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A Performance Study of BDD-Based Model Checking Bwolen Yang Randal E. Bryant, David R. O’Hallaron, Armin Biere, Olivier Coudert, Geert Janssen Rajeev K.

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Presentation on theme: "A Performance Study of BDD-Based Model Checking Bwolen Yang Randal E. Bryant, David R. O’Hallaron, Armin Biere, Olivier Coudert, Geert Janssen Rajeev K."— Presentation transcript:

1 A Performance Study of BDD-Based Model Checking Bwolen Yang Randal E. Bryant, David R. O’Hallaron, Armin Biere, Olivier Coudert, Geert Janssen Rajeev K. Ranjan, Fabio Somenzi CS740 Dec. 3, 1998 Special Presentation of

2 Outline BDD Background Data structure Algorithms Organization of this Study participants, benchmarks, evaluation process BDD Evaluation Methodology evaluation platform metrics Experimental Results performance improvements characterizations of MC computations

3 Boolean Manipulation with OBDDs Ordered Binary Decision Diagrams Data structure for representing Boolean functions Efficient for many functions found in digital designs Canonical representation Example: (x 1  x 2 ) &x 3 Nodes represent variable tests Branches represent variable values Dashed for value 0 Solid for value 1

4 Example OBDDs Constants Unique unsatisfiable function Unique tautology Variable Treat variable as function Odd Parity Linear representation Typical Function (x 1  x 2 ) &x 4 No vertex labeled x 3 independent of x 3 Many subgraphs shared

5 Symbolic Manipulation with OBDDs Strategy Represent data as set of OBDDs Identical variable orderings Express solution method as sequence of symbolic operations Implement each operation by OBDD manipulation Information always maintained in reduced, canonical form Algorithmic Properties Arguments are OBDDs with identical variable orderings. Result is OBDD with same ordering.  “Closure Property” Treat as Abstract Data Type User not concerned with underlying representation

6 If-Then-Else Operation Arguments I, T, E Functions over variables X Represented as OBDDs Result OBDD representing composite function I  T + ¬I  E Concept Apply Boolean choice operation to 3 argument functions Implementation Combination of depth-first traversal and dynamic programming. Maintain computed cache of previously encountered argument / result combinations Worst case complexity product of argument graph sizes.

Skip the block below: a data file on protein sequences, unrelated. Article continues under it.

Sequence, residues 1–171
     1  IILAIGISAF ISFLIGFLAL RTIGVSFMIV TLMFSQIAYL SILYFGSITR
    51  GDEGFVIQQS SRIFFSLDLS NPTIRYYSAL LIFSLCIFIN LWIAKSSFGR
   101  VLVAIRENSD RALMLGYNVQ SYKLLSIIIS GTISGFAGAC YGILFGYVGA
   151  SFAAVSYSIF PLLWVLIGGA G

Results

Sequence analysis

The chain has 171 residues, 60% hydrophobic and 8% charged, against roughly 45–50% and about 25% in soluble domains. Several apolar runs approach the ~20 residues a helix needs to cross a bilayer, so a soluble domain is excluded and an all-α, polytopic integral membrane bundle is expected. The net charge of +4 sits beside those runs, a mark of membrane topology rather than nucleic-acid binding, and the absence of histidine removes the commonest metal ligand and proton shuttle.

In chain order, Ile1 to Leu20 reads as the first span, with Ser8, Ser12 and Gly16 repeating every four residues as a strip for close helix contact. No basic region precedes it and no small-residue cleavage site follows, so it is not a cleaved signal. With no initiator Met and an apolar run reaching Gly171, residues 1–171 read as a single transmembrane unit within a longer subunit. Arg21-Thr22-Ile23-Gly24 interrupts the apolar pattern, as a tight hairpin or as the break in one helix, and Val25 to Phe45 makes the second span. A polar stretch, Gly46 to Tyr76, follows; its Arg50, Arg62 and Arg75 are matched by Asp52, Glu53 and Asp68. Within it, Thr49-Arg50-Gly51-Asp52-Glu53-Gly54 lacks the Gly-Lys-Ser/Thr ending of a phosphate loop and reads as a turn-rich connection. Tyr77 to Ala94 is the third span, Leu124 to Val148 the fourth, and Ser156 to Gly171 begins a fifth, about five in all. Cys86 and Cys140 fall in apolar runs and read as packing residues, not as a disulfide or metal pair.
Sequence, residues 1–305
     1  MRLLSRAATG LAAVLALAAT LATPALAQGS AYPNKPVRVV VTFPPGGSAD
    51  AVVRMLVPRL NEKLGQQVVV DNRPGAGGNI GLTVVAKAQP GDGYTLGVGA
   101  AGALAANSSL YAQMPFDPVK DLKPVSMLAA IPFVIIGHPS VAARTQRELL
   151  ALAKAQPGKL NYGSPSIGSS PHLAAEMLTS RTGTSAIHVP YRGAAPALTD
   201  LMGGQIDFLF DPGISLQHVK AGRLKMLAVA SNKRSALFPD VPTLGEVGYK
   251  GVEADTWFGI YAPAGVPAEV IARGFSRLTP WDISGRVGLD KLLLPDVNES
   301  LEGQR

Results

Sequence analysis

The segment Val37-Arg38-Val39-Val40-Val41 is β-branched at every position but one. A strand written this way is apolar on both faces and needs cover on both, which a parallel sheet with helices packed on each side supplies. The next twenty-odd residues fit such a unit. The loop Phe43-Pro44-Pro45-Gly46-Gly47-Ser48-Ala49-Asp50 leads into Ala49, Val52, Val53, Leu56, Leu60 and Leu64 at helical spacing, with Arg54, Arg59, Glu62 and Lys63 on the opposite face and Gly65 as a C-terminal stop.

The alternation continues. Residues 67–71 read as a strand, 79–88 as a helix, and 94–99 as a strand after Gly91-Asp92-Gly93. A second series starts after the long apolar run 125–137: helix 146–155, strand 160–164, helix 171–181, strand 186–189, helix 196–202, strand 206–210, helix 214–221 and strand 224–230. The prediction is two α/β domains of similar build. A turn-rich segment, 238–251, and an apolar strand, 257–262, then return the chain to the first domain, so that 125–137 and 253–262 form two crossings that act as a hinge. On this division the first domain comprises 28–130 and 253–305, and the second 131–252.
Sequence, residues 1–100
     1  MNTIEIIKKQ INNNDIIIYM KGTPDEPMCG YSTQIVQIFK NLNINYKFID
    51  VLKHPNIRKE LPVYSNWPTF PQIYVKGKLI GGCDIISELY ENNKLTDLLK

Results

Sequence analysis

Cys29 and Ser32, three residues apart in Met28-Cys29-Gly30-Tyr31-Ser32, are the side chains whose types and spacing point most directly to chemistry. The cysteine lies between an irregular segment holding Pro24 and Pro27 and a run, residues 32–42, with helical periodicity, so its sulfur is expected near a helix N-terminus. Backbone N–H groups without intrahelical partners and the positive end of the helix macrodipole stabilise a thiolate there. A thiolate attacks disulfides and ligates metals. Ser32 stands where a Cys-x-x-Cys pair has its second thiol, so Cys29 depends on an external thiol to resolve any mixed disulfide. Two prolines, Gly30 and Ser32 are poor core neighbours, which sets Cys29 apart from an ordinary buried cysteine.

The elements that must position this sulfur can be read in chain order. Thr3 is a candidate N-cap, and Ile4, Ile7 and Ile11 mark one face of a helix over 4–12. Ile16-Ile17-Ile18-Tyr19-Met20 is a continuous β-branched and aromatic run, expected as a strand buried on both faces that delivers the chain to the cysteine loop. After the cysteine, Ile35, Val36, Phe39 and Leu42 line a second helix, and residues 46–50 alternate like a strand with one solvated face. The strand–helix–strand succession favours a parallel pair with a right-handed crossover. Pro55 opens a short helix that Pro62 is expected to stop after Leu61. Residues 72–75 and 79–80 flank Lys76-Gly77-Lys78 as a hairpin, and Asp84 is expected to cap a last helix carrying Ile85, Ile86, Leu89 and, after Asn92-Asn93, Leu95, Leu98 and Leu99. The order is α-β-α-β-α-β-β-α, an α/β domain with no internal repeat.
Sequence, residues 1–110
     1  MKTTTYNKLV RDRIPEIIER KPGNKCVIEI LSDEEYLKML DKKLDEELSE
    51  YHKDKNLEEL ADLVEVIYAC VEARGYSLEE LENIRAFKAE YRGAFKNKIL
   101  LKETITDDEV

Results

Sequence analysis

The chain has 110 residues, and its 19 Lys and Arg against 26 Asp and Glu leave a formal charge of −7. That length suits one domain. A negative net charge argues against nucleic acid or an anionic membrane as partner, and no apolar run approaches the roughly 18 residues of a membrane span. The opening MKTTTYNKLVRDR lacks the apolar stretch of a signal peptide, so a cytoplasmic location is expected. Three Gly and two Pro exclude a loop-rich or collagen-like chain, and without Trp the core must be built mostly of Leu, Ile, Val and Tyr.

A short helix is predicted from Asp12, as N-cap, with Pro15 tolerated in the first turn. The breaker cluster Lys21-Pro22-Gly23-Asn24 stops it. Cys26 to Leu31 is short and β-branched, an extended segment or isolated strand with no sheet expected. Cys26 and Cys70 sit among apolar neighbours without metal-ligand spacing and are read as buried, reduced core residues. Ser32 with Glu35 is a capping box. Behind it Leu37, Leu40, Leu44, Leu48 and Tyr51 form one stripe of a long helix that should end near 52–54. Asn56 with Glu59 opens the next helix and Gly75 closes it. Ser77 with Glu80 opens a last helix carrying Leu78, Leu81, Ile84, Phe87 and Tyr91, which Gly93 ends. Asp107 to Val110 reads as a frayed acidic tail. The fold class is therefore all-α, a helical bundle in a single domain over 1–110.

7 And(F, G ) Or(F, G ) If-Then-Else(F, G, 0) If-Then-Else(F, 1, G ) Derived Algebraic Operations Other common operations can be expressed in terms of If-Then-Else

8 Generating OBDD from Network NetworkEvaluation Task: Represent output functions of gate network as OBDDs. Resulting Graphs A  new_var ("a"); B  new_var ("b"); C  new_var ("c"); T1  And (A, B); T2  And (B, C); O1  Or (T1, T2); A B C T1 T2 O1 ABC T1T2 O1 01 a 01 c 01 b 01 b a 01 c b c b 01 b a

9 Checking Network Equivalence Alternate NetworkEvaluation Resulting Graphs Determine: Do 2 networks compute same Boolean function? Method: Compute OBDDs for both networks and compare A B C T3 O2 ABC T3 O2 c b 01 b a 01 ac 01 01 b 01 a c T3  Or (A, C); O2  And (T3, B); if (O2 == O1) then Equivalent else Different

10 Symbolic FSM Representation Nondeterministic FSM Symbolic Representation Represent set of transitions as function  (x, o, n) Yields 1 if input x can cause transition from state o to state n. Represent as Boolean function Over variables encoding states and inputs

11 Reachability Analysis Task Compute set of states reachable from initial state Q0 Represent as Boolean function R(s). Never enumerate states explicitly GivenCompute Initial

12 Iterative Computation R i +1 – set of states that can be reached i +1 transitions Either in R i or single transition away from some element of R i for some input Continue iterating until R i = R i +1

13 Restriction Operation Implementation Depth-first traversal. Complexity linear in argument graph size Concept Effect of setting function argument x i to constant k (0 or 1).